The response to COVID-19 has varied widely from country to country, and even state to state in the U.S. The latest episode of the Democracy Works podcast, produced by the McCourtney Institute for Democracy and WPSU at Penn State, examines some of the reasons why that occurs.
The episode’s guest is Nita Bharti, assistant professor of biology and faculty member in the Center for Infectious Disease Dynamics in the Huck Institutes for the Life Sciences. Bharti’s work focuses specifically on human infectious diseases and the interactions between social and biological processes in human health.
Bharti said the key to successful public health campaigns is to create messaging that’s accurate without being panic-inducing and creates a sense of motivation to act without infringing upon individual liberty.
“You can have messaging that suggests something very effective, but people will not comply with it because it's either too extreme, it's too difficult or it flies in the face of their beliefs,” Bharti said. “You need to be able to reach that medium of something being effective, being compassionate to people's needs and beliefs, and being something that will achieve high compliance because effective messaging is not effective if you don't get behavioral changes.”
The differences in response — both from government officials and members of the public — highlight the differences between democracies and authoritarian countries, which can be much more aggressive about ordering people to take certain actions or not in times of crisis.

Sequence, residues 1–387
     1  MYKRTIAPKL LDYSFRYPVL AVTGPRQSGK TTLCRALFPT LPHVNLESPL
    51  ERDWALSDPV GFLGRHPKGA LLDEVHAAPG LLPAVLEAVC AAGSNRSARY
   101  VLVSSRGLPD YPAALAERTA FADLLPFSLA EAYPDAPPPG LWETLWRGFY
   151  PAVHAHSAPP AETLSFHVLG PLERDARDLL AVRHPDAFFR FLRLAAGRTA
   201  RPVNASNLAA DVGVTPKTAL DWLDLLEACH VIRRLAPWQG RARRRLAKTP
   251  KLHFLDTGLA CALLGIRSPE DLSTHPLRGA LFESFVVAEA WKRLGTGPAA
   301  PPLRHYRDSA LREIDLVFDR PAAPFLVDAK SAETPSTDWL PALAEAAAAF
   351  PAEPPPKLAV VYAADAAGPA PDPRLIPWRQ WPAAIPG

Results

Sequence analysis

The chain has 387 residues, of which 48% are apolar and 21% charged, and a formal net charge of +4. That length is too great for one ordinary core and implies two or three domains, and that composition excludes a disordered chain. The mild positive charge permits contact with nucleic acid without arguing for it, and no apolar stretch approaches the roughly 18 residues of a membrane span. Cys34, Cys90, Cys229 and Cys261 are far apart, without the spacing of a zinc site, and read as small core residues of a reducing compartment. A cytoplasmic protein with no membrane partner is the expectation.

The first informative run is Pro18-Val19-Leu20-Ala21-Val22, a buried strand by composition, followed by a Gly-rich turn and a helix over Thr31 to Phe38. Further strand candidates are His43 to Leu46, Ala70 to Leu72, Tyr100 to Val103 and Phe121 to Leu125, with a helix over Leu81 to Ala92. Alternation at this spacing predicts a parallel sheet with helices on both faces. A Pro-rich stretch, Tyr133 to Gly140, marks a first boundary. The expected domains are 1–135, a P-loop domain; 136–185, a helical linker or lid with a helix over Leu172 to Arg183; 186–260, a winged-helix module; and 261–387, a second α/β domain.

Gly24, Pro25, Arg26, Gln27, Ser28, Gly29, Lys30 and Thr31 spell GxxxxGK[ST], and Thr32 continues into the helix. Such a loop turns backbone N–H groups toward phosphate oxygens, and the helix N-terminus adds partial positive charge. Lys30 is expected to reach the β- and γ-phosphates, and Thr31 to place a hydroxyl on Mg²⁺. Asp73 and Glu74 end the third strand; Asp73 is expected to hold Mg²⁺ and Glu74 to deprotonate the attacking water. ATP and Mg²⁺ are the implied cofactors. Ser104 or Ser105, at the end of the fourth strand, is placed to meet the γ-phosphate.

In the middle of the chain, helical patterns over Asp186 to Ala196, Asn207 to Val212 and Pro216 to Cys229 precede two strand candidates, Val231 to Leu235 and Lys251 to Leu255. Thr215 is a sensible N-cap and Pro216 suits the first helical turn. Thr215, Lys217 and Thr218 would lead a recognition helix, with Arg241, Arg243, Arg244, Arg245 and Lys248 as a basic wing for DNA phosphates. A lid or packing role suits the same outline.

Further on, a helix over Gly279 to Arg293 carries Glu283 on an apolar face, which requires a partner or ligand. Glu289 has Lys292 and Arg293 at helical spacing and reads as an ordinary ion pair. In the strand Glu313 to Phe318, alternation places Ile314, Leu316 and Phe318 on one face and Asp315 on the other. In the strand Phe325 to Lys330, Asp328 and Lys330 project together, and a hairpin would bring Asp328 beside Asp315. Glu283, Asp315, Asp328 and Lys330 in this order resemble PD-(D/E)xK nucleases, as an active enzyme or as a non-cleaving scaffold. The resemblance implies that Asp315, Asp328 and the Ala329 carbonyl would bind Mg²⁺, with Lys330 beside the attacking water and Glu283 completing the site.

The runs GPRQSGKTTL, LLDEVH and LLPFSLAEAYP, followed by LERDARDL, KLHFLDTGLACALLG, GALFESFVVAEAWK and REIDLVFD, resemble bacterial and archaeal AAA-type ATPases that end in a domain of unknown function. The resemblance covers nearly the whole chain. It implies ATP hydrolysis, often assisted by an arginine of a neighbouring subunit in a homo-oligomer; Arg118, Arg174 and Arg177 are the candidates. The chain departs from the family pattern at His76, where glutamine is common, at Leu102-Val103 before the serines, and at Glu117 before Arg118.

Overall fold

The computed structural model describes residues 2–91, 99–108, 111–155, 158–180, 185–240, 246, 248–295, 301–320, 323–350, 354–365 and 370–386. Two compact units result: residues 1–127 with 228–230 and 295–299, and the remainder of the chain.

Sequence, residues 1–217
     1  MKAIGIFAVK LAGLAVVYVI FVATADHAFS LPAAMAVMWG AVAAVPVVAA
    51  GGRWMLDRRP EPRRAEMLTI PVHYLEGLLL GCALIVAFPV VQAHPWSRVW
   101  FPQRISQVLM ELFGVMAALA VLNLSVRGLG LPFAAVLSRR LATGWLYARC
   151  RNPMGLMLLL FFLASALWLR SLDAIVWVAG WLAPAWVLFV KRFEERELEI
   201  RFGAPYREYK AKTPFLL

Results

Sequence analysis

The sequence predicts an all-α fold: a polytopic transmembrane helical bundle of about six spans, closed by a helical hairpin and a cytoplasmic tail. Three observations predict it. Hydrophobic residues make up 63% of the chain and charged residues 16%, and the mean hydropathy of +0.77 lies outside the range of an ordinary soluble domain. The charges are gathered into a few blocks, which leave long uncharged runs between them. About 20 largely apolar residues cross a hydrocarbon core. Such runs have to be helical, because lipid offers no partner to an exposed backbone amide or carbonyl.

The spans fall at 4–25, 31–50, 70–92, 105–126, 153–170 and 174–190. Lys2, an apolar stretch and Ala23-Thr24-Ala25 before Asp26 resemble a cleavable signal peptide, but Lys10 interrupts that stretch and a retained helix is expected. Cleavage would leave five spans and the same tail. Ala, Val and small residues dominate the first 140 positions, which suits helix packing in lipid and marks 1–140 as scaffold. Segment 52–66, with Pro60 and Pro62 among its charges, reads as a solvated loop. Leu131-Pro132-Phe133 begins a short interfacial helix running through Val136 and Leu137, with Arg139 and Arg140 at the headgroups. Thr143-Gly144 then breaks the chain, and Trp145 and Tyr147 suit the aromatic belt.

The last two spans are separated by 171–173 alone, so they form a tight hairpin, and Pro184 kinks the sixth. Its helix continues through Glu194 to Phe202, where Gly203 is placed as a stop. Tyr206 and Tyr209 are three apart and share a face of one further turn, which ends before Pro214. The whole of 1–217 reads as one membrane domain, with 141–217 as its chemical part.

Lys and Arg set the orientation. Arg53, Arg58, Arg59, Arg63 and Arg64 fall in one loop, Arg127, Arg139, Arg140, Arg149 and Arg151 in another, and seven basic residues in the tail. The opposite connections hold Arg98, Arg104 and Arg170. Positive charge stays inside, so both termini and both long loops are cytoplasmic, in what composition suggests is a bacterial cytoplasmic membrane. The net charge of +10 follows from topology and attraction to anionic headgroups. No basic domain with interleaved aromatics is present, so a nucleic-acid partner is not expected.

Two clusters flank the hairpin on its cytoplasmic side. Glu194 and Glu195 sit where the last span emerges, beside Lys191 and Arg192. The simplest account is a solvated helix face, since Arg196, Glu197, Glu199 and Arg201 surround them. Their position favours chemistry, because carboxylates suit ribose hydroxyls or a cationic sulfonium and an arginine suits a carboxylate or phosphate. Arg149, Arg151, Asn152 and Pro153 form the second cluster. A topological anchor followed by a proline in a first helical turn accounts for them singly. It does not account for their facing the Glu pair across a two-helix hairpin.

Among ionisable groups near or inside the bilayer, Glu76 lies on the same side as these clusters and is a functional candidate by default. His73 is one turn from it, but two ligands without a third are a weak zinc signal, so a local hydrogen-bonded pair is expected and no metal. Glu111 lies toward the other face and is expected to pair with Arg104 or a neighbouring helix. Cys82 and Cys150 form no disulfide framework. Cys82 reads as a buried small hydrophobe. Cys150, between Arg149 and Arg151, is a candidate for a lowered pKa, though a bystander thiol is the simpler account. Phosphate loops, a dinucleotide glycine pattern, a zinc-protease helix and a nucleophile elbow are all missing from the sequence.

However, Bharti said those actions could have diminishing returns, and the goal should be to find solutions that balance individual human rights with the broader public good.
“The individual rights and public health push-pull has probably been a part of the conversation for every epidemic we've ever faced," Bharti said. “I think we can be really respectful and ethical and not violate human rights and still find effective solutions for stopping outbreaks.”
Additionally, the Center for Infectious Disease Dynamics is taking questions about the Coronavirus pandemic at firstname.lastname@example.org. Each week, experts will answer your most commonly asked questions, anonymously. They will attempt to provide the most current accurate information, informed by scientific evidence.